After being told how bright their futures can be, members of the Gray-New Gloucester High School class of 2016 donned sunglasses as they left their graduation ceremony Saturday evening.
The 109 graduates sitting in the Cross Insurance Arena in Portland had just been filled with advice to follow their dreams, take charge of their future and to seize opportunities for laughter by administrators and staff.
Clara Phillips, class president, found wisdom in literature, in Paulo Coelho’s “The Alchemist,” a story about a young dreamer who leaves his home to seek a fortune.
For Phillips, the book “reflects the journeys of the people onstage with me today,” she said. “Most of us have been living here our whole lives. We’re comfortable, we’re happy (I know I am) but it’s important to remember there’s a whole world out there at our fingertips.”
As the graduates enter the world beyond high school, “we have the opportunity to take our lives and mold them into what we dream about and what we want for this world,” Phillips said. “The only thing holding us back is ourselves.”
Other student speakers found inspiration and advice from teammates and a grandmother.
As a distance runner, salutatorian Samantha Shampine said she and her teammates have developed a long list of excuses for getting out of running. They include everything from “saw a wolf” to “cold joints,” she said.
The excuse list, Shampine said, is an exercise in “recognizing excuses and dismissing them before they stop us from achieving our best.
“I’m not saying choosing the path of a no-excuse lifestyle is easy,” Shampine said, “It’s certainly a black-diamond trail. What I’m suggesting is the right attitude can bring you anywhere you want to go, and can also change the destination.”
For valedictorian Olivia Giles, the best life advice for achieving success was found in watching her grandmother.
Giles’ 91-year-old grandmother, who she described as “a little old lady barely clearing 4 feet 9 inches, or 4 feet 11 inches if you count the perm,” embodies what it means to be successful despite facing a challenging life, Giles said.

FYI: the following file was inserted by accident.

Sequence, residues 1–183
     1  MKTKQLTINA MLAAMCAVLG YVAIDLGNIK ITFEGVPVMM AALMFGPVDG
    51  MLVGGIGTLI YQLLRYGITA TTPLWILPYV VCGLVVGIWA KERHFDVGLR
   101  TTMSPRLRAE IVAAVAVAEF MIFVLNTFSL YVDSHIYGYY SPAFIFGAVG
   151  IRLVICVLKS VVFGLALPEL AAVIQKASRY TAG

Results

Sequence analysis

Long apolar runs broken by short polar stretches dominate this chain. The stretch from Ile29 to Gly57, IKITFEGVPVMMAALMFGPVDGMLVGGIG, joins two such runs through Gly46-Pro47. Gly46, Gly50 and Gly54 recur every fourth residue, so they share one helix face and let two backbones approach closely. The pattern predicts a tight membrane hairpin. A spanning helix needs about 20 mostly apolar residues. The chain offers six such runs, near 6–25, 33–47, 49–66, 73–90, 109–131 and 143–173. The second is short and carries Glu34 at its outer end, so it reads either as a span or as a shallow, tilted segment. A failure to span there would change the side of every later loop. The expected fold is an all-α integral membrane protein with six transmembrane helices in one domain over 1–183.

Watching her grandmother accept the use of a wheelchair when doing errands taught the student how to “know your limits but dream big,” Giles said.
As Gray-New Gloucester graduates said goodbye to each other, they also bid adieu to Superintendent Bruce Beasley, who is leaving the district to take a position at School Administrative Unit 7 in New Hampshire.
Beasley, who has worked in the district for 17 years, told the graduates a story of how he learned “to believe in himself when others did not,” when he was cut from the basketball team as a seventh-grader and practiced alone to ensure a spot the following year.
Future challenges “are going to require you to believe in yourself,” Beasley told graduates. “You’re going to have to be bold. You never know how far you can go if you don’t push the outer limits of your comfort zone.”
School Administrative District 15 has named Dr. Craig King as the finalist for its new superintendent, according to a press release from School Board Chairwoman Tina Martell. King visited the schools this week to meet with students, staff and community members.
King, a native of Fort Kent and graduate of its University of Maine school, is the current superintendent of Western Foothills Regional School Unit 10 in Dixfield. King was chosen from 16 applicants.
King has been a Peace Corps Volunteer, teacher and principal during his career, according to the press release. He holds a master’s degree in curriculum and instruction and a doctorate of educational leadership from the University of Southern Mississippi. Hecompleted his superintendent’s licensure program at the University of Maine.
Superintendent Bruce Beasley, an administrator in the district for 17 years, is resigning at Gray New Gloucester to take a position at a New Hampshire school for “a new challenge in an area that my wife and I enjoy,” he said in an email.
Beasley said the strengths of the Gray New Gloucester school district include “the outstanding staff, the International Baccalaureate program at the high school and two communities that value education.”
Gray New Gloucester graduates leave the ceremony to “You Can Go Your Own Way” by Fleetwood Mac.
Gray New Gloucester Class President Clara Phillips crosses the stage to receive her diploma. “The only thing holding us back is ourselves,” she said to her fellow graduates in her address.